Myths About Organ Donation
Get the facts about organ, eye and tissue donation
Myth: If emergency room doctors know you’re an organ, eye and tissue donor, they won’t work as hard to save you.
Fact: If you are sick or injured and admitted to the hospital, the No. 1 priority is to save your life. Organ, eye and tissue donation can only be considered after death has been declared.
Myth: You are too old or ill to be a donor.
Fact: People of all ages and medical histories should consider themselves potential donors. Your medical condition at the time of death will determine if organs, eyes and tissues can be donated.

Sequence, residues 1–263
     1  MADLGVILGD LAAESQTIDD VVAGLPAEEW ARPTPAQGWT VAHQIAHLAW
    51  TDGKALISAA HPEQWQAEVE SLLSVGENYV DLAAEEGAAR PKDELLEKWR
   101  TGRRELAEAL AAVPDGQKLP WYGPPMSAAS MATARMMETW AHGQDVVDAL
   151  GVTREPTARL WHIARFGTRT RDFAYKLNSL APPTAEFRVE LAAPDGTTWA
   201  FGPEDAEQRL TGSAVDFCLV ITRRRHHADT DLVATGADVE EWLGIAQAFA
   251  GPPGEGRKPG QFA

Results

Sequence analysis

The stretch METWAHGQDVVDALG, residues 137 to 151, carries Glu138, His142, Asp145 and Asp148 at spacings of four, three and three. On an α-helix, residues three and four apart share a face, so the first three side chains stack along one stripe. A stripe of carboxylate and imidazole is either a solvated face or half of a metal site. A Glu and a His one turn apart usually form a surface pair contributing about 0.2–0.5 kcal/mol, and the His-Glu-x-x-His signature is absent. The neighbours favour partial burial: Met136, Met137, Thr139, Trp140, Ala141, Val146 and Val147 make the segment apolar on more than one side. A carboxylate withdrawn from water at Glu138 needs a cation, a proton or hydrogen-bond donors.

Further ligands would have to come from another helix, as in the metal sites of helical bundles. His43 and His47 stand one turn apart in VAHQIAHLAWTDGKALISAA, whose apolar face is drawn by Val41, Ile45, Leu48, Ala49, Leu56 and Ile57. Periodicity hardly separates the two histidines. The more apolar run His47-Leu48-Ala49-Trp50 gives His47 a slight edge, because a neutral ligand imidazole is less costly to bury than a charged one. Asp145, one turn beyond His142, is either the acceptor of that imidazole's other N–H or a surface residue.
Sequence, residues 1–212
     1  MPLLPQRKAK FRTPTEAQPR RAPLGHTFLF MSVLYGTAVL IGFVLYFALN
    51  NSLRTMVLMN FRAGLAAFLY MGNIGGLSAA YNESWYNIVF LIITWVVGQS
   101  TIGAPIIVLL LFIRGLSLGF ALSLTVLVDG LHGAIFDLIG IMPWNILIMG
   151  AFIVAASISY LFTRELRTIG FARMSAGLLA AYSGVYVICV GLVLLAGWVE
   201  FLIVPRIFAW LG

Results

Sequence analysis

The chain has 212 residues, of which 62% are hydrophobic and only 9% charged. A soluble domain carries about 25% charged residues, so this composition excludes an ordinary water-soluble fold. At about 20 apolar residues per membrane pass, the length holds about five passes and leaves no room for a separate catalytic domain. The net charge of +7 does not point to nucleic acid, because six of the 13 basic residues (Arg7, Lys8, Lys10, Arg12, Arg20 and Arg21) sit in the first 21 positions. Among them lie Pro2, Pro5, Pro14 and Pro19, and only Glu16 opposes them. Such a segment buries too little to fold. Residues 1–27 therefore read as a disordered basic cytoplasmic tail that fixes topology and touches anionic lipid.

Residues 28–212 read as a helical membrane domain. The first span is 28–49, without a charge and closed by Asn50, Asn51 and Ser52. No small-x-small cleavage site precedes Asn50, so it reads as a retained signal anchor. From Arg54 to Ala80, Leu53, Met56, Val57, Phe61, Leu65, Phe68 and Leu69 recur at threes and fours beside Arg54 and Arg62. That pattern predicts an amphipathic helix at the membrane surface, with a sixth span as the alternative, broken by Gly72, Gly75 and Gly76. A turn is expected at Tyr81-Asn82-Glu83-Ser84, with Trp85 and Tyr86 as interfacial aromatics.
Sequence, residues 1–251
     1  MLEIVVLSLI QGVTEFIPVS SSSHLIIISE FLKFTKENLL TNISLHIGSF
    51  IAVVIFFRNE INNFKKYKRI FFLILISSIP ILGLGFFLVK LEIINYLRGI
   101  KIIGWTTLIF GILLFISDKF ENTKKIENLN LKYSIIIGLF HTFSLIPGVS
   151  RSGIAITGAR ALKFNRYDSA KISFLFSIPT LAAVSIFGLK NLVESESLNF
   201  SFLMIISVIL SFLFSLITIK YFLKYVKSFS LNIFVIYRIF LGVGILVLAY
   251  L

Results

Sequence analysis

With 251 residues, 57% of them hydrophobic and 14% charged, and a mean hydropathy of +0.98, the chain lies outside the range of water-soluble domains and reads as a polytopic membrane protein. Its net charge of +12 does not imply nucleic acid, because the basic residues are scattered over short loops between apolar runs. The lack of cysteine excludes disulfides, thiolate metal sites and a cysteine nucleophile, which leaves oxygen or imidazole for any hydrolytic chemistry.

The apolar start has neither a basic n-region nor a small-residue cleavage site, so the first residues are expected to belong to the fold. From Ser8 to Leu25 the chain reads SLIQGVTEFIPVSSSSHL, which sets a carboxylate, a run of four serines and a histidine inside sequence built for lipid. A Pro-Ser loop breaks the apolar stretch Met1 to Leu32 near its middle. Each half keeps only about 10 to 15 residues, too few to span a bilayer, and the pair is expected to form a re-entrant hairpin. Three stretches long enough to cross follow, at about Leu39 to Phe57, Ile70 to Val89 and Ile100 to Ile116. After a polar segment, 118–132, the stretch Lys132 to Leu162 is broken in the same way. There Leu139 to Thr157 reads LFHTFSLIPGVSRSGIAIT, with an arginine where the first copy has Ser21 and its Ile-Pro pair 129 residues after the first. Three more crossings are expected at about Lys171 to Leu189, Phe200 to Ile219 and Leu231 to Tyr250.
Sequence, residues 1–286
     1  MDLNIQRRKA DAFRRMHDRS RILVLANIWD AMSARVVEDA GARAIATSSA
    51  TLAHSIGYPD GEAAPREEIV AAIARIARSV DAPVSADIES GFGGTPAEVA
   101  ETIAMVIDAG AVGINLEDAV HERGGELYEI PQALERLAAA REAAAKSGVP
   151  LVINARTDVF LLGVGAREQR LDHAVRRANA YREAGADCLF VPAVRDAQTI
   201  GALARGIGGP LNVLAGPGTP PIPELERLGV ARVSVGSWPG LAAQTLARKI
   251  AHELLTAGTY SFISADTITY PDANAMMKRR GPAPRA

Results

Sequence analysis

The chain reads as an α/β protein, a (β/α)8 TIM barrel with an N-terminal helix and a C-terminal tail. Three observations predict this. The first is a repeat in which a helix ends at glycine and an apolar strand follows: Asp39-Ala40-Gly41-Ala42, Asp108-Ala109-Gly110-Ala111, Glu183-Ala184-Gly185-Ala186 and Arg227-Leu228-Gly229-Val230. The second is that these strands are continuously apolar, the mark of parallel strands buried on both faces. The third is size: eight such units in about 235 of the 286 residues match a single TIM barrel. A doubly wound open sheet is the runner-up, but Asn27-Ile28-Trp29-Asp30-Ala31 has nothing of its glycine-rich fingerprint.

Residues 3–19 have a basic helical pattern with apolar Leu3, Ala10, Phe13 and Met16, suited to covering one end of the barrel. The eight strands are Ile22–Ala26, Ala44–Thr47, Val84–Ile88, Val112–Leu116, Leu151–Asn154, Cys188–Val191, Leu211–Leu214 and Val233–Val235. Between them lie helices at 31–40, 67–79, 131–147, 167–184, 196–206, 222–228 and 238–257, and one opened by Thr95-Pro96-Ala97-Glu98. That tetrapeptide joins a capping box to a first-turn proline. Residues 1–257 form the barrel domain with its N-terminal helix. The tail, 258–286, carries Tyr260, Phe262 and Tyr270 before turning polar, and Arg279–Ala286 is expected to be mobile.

Myth: Your religion prohibits organ, eye and tissue donation.
Fact: Most major organized religions in the U.S. approve of organ, eye, and tissue donation and consider it an act of charity.
Myth: Organ and tissue donation disfigures the body and changes the way it looks in a casket.
Fact: Donated organs and tissues are removed surgically, in an operation similar to gallbladder or appendix removal. Donation need not change the appearance of the body for the funeral service.
Myth: Only hearts, livers and kidneys can be transplanted.
Fact: Transplantable organs include the heart, kidneys, pancreas, lungs, liver and intestines. Tissue that can be donated includes eyes, skin, bone, heart valves and tendons. One donor can improve the lives of many people.